Integrated ecological modelling
Aims to identify potential synergies between models, research groups and disciplinary teams to promote the improvement and application of models for the analysis of patterns, trends and variability in biodiversity and ecosystem services in a changing climate.
Particular emphasis is placed on the combination of different kinds of models, and of modelling and empirical approaches, for better prediction and analysis, particular at larger spatial and temporal scales, and to characterise uncertainty in projections of future changes. This cluster also takes responsibility for identification/development of scenarios for use in this and the other clusters of BECC.
These are the major research areas within Integrated ecological modelling:
Data assimilation and multi-model integration
This research area is includes data assimilation, the process by which observations (or information) from multiple sources is combined and incorporated into system models. Making predictions of future states to inform policy making may involve one or several models that need to be integrated. It could for example be to combine station and satellite measurements with output from climate/ecosystem models to provide combined results for temperature and vegetation cover. We use and discuss principles that take different sources and types of uncertainty into account in scientific research as well as when evidence feeding into policy recommendations heavily rely on (quantitative) modelling.
Read more about the research here and read more about Scaling up uncertain environmental evidence here
Scenarios and climate data
This research area investigates the potential for use of common scenarios and data sets, as an integrating element within BECC to promote inter-comparison and synthesis. One part is also the development of a web based “data tool” which allow the user to choose a resolution, spatial and temporal extend, data source and output format and number of climate variables.
Read more about Dataguru here
Land-sea interactions in a long time perspective
This project intends to coordinate the development of the methodology for determination and quantification of the impact of long term land-use on terrestrial and aquatic ecosystems and for data-model comparison. Our overall aim is to have a catchment wide perspective on land use change and its consequences on land and on the coastal zone and beyond. Furthermore we are interested in better understanding the linkage between, climate, vegetation and land use.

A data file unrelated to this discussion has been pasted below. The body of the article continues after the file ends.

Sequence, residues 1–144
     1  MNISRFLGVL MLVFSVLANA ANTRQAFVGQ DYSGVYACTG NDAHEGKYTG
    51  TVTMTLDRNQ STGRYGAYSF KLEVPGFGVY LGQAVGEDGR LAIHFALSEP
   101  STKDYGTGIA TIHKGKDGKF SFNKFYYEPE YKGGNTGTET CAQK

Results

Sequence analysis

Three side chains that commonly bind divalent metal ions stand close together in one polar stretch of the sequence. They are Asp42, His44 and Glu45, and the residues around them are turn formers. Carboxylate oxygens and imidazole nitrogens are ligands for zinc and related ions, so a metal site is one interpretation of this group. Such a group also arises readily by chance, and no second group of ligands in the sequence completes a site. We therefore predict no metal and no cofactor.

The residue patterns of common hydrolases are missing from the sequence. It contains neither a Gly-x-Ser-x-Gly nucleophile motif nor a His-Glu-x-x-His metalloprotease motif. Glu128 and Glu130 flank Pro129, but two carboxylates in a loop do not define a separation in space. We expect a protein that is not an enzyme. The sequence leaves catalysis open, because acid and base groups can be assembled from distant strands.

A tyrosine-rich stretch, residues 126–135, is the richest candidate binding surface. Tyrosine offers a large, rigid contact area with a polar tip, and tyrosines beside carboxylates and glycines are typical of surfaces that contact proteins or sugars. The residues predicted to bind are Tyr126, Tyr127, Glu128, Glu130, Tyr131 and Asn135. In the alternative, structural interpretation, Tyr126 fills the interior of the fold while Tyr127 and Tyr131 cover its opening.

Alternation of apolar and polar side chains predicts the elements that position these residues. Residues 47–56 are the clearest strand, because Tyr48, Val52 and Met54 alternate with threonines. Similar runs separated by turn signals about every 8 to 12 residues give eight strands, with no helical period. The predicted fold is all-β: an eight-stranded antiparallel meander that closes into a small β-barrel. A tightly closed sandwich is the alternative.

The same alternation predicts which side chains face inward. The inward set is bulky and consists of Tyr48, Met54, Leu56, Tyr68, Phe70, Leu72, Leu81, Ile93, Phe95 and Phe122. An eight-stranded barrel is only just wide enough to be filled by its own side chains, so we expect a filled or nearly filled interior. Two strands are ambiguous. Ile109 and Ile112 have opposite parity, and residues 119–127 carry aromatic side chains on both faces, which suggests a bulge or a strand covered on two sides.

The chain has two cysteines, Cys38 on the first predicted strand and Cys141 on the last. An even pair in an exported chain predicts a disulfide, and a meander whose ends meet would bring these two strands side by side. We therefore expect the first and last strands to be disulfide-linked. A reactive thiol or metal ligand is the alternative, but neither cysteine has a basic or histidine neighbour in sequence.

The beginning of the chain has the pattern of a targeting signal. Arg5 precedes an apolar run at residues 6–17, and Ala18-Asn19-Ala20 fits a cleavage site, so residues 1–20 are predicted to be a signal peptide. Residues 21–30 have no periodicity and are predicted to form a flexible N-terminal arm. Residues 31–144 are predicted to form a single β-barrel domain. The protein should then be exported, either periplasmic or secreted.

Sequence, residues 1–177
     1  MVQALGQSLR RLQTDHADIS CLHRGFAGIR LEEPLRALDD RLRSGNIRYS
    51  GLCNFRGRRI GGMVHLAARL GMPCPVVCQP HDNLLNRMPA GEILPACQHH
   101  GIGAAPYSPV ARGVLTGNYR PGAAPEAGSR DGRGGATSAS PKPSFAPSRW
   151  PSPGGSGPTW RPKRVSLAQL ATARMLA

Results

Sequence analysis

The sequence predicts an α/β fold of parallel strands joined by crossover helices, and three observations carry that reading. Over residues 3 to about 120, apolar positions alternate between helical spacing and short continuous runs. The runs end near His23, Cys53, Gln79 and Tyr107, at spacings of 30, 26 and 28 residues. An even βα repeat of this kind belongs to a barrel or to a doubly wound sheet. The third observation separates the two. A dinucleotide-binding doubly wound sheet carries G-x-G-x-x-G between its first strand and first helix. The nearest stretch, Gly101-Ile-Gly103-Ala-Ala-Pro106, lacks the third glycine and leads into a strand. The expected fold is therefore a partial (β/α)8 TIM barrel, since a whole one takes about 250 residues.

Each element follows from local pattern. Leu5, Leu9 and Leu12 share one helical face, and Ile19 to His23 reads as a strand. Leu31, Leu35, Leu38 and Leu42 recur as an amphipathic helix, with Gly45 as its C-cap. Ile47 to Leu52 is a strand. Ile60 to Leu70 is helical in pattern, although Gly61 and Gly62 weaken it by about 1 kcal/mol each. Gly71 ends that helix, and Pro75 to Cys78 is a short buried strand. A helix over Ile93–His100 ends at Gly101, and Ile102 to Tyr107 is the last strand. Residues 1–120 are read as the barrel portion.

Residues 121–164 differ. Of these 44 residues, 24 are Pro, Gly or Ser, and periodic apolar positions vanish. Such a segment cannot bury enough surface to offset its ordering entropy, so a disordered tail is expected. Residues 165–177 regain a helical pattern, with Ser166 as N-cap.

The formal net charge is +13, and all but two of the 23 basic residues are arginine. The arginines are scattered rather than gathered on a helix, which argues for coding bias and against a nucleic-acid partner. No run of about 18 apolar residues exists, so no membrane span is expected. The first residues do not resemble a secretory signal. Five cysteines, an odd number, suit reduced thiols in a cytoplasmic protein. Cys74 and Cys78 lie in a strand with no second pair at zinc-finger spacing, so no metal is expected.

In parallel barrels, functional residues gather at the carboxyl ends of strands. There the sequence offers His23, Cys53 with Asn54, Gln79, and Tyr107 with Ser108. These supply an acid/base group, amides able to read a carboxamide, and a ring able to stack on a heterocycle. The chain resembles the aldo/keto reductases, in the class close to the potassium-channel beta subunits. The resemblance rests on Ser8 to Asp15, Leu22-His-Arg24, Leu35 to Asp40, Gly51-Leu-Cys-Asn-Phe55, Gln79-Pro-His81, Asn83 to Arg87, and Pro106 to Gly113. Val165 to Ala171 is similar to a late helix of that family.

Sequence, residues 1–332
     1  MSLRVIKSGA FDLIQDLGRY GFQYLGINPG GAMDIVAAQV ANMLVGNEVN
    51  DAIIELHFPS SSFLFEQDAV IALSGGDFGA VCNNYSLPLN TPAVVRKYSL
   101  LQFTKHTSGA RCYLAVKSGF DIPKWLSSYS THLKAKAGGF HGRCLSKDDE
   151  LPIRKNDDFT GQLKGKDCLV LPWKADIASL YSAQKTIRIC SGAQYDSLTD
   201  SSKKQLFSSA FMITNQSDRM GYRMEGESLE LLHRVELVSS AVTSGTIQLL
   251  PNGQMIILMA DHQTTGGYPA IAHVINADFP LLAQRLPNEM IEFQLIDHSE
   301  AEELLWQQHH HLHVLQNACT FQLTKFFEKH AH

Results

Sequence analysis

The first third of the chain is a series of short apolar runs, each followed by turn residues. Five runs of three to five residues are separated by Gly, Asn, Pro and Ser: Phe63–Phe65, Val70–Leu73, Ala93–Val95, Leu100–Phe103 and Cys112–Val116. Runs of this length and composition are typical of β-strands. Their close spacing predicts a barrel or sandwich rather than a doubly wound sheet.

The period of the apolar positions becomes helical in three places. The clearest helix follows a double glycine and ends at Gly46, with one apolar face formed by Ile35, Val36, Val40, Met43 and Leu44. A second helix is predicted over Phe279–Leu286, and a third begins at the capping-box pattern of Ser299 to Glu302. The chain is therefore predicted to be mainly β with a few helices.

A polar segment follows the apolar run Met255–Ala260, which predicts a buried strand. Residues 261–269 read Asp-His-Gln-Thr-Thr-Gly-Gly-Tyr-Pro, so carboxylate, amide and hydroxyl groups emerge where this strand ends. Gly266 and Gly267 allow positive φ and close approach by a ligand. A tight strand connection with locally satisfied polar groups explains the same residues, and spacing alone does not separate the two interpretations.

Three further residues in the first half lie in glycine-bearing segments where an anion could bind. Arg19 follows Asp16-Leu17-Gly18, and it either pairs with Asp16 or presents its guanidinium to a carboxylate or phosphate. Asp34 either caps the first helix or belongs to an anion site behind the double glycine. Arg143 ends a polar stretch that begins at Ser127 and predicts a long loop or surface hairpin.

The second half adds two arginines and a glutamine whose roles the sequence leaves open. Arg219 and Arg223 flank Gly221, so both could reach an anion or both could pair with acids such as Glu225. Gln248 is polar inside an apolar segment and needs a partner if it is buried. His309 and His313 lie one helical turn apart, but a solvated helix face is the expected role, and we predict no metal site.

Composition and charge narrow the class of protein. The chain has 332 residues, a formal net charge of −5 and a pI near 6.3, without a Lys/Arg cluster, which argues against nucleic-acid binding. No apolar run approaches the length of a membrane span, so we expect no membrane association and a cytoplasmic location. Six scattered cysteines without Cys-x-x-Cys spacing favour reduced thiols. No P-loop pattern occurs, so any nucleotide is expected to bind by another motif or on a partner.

The aim of this research is to drive the integration of ecological and economic models, thereby facilitating the interdisciplinary research that is needed for addressing climate change related problems. Agent Based Modelling (ABM) of agricultural land use change is the main platform for linking human behaviour and with other modelling in BECC. Using this approach we can for example link drivers of land use change (economics) to impacts of land use change on biodiversity (ecology) and impacts of changing weather patterns (climatology) on crop yields (agronomy), but also effects on flows of ecosytem services to society (geography).
Read more about the research here
Agent-based modelling of multi-level decision making in Swedish forestry
This research area focuses on understanding the decision-making of forest-sector actors, from individual to regional and national policy levels, in response to impacts of climate change on forest production, damages and management costs, as well as non-economic forest ecosystem services, such as biodiversity values. The project uses agent-based models to represent the actors, their interactions and responses to external forces, as a tool for analysing and visualising the potential consequences of alternative scenarios and policies on forest landscapes and their ecological and economic outcomes. The project brings together ecological economic modelling with process-based modelling of forest production, dynamics and damages, as well as policy analysis.
This research is carried out in collaboration with the Mistra SWECIA programme.
Modelling vegetation migration and plant species range shifts
Phone: +46 (0)46 222 43 54
Email: Benjamin [dot] Smith [at] nateko [dot] lu [dot] se
Deputy cluster coordinator
Phone: +46 (0)70 978 20 56
Email: Henrik [dot] Smith [at] biol [dot] lu [dot] se